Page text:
Stiff: The Curious Lives of Human Cadavers
Penguin Books, 2004, 9780141007458.
‘Stiff ‘ was recommended by a friend when I was taking my death-centric MAHO. We talked about death all the time, at every break, and in the pub. Colleagues and family members would look on in silence while we couldn’t get enough of death. We could take or leave the cadavers however.
I think we all looked forward to the anatomy module, I certainly did, but we were not prepared for the smell first thing on a Monday morning. It would mean that for the next five weeks or so, no-one would consider going out on a Sunday night, and most would not eat breakfast until after the module. On the first day in the lab, we donned the lab coats and the latex gloves. We were warned that we should dress appropriately; sandals would neither be welcome nor advisable. We were then asked to show respect to the cadavers, as the remains had been donated in the interests of education and science. Should we wish to donate, forms were available.
On that first morning, the remains were covered while the head technician welcomed us. This was probably to keep our attention focused on him, while he went through the rules. Still, hands and feet poked out at us from beneath the sheets. For our module, which was actually for first year anatomy students, the cadavers had already been sectioned. We were therefore confronted only by individual limbs, headed (?) trunks or body parts. On occasion, a cadaver would be sectioned on the sagittal plane. I don’t remember seeing a complete cadaver. We might study the hand and arm one week in lectures and see them the following week in the lab. So while the selection of remains was mostly to do with the curriculum, I wonder was there also a reason we never saw a full body. I wonder if it is easier for people to reckon with a limb rather than an entire body. (Although, most wouldn’t go as far as touch a one; I became known as ‘the butcher’, because it didn’t bother me too much to turn over the cadaverous limbs.) Some osteologists have no issue handling bones, but dislike working with teeth because it reminds them too much of the person. Perhaps handling human remains involves some re-working of the ideas of life, death and the body you may have held for some time. I have wondered if it is more difficult for those with religious beliefs to reconcile their work with their ideology.
Apart from an enhanced knowledge of anatomy, courtesy of these cadavers, I came away with an interest in donation. I hate waste and have been trying to think of an ecological way of disposing of my remains when I no longer need them. I certainly don’t want to have tree felled so that I can be repackaged within it and a number of chemicals for a few hours of show that no-one would like to remember. I see some romance in the idea of cremation and if that’s what family members want, then send me here, please. Ideally whatever serviceable organs would be removed, and then the remains would be carted off to the nearest university. Perhaps a fellow osteologist would like them for a reference collection, although they will have the excuse the condition of my teeth.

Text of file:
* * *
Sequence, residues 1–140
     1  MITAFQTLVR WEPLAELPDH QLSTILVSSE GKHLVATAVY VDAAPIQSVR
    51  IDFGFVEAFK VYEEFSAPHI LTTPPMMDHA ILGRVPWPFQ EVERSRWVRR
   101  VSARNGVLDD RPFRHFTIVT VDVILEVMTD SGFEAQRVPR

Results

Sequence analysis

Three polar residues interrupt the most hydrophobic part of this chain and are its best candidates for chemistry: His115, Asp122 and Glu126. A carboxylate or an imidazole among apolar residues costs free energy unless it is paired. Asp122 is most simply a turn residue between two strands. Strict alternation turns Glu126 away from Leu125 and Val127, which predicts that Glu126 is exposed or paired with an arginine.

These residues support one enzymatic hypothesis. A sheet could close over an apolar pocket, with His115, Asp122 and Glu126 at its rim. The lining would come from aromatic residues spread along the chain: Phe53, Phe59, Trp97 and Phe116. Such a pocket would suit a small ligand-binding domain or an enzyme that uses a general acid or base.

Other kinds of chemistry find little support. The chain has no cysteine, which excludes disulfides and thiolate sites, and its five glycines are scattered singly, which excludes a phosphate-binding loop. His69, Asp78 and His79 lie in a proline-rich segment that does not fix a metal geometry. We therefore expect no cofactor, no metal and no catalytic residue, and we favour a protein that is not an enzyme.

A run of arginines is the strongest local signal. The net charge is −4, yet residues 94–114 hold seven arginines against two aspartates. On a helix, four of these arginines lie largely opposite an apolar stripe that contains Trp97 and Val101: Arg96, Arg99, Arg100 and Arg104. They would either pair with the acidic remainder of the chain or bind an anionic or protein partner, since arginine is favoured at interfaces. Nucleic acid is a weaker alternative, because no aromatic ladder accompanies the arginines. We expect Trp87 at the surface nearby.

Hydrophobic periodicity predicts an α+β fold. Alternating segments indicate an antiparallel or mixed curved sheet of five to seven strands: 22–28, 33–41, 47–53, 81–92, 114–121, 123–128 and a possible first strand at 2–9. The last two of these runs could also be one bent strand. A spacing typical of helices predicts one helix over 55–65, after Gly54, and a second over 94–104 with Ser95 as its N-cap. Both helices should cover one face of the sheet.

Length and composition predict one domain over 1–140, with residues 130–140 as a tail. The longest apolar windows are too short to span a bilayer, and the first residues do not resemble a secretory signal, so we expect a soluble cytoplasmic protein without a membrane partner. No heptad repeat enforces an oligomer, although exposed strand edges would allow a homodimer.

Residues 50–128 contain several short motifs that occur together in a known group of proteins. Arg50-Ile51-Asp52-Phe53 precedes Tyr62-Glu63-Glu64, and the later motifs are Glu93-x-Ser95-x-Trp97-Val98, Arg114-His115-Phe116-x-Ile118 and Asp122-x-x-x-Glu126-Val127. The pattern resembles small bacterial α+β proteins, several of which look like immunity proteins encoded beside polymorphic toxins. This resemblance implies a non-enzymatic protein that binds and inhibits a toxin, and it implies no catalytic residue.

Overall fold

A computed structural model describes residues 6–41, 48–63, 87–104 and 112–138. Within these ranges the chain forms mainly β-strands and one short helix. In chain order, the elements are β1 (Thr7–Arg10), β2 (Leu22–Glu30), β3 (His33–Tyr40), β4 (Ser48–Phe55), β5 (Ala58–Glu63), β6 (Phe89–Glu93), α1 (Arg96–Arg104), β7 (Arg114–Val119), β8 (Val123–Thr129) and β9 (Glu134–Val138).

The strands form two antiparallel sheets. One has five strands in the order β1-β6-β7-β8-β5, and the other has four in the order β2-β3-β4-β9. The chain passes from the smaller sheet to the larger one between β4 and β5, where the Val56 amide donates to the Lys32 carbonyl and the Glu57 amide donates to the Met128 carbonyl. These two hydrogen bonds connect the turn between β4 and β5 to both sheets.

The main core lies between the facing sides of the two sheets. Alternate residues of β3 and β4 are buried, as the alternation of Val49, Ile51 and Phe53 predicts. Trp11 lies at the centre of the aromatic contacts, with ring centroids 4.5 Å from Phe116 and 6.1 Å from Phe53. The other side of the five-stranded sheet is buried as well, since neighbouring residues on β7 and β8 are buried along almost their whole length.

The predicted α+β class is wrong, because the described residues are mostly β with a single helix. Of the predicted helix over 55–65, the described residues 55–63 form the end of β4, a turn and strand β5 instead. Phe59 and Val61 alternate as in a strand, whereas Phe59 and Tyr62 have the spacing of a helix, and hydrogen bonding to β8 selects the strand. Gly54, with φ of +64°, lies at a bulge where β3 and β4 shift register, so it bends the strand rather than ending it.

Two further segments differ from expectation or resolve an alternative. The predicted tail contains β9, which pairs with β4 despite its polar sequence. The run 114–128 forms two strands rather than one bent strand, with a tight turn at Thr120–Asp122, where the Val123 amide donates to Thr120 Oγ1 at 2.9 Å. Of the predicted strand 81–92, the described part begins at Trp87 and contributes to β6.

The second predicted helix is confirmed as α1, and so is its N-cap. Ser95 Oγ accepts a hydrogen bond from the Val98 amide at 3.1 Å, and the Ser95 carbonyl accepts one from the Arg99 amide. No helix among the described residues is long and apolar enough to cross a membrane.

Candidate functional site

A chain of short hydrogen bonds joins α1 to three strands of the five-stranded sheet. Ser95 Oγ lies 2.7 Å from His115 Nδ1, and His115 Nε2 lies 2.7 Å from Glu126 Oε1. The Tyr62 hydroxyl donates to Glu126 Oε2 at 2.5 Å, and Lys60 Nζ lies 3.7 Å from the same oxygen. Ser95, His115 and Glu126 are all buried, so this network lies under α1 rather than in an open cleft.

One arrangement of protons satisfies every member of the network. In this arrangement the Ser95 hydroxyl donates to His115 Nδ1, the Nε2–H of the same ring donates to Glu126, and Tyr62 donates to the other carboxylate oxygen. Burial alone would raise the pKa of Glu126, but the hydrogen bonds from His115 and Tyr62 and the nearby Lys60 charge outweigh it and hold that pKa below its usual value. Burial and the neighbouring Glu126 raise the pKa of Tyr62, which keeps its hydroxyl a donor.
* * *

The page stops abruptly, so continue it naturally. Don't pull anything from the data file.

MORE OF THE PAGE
While I will endeavour to determine the outcome, it will of course be the decision of those I leave behind. If I do write a will, they’re all getting copies of ‘Stiff’. It may be a tasteless bequest to the recently bereaved, but perhaps they’ll dislike me enough at that stage not to care or to comply, and sign away my carcass to science.
Should you be recently bereaved, ‘Stiff’ should probably not be on your reading list. Also if you still believe in Santa, Easter bunnies and the ability of the Irish state to self-govern, you’re too young for this one – hold on to that precious innocence while it lasts. Otherwise, if you’re not too squeamish, this is a great antidote to a bad mood. There are even pictures! Not gory pictures. But one for every imaginatively titled chapter, such as ‘A Head is a Terrible Thing to Waste’ and ‘How to Know if You’re Dead’.
Roach writes the book from the viewpoint of the uninitiated, and the humour helps to soften the blow for the squeamish. It will not appeal to everyone. I found it really funny and uplifting. My mother did not*. The Sunday Times quote on the cover states: “Delightful. It will leave you feeling more cheerful about life, and calmer about life’s inevitable destination.”
To give you a feel for the book, here is a clip from my favourite chapter ‘Life After Death’, which details the work of Arpad Vass, and the University of Tennessee body farm:
This morning, Arpad and I are riding in the back of a van being driven by the lovable and agreeable Ron Walli, one of ONRL’s media relations guys. Ron pulls into a row of parking spaces at the far end of the UT Medical Centre lot, labeled G section. On hot summer days, you can always find a parking space in G section, and not just because it’s a longer walk to the hospital. G section is bordered by a tall wooden fence topped with concertina wire, and on the other sides of the fence are the bodies. Arpad steps down from the van. “Smell’s not that bad today,” he says. His “not that bad” has that hollow, over-upbeat tone one hears when spouses back over flowerbeds or home coloring goes awry.
I won’t say anything else, in case I spoil it. If you read it, or have read it, let me know what you think!
* Following this book, I tried her on ‘The Loved One’ by Evelyn Waugh. More death, and she is probably more worried about my interests but she enjoyed that one.
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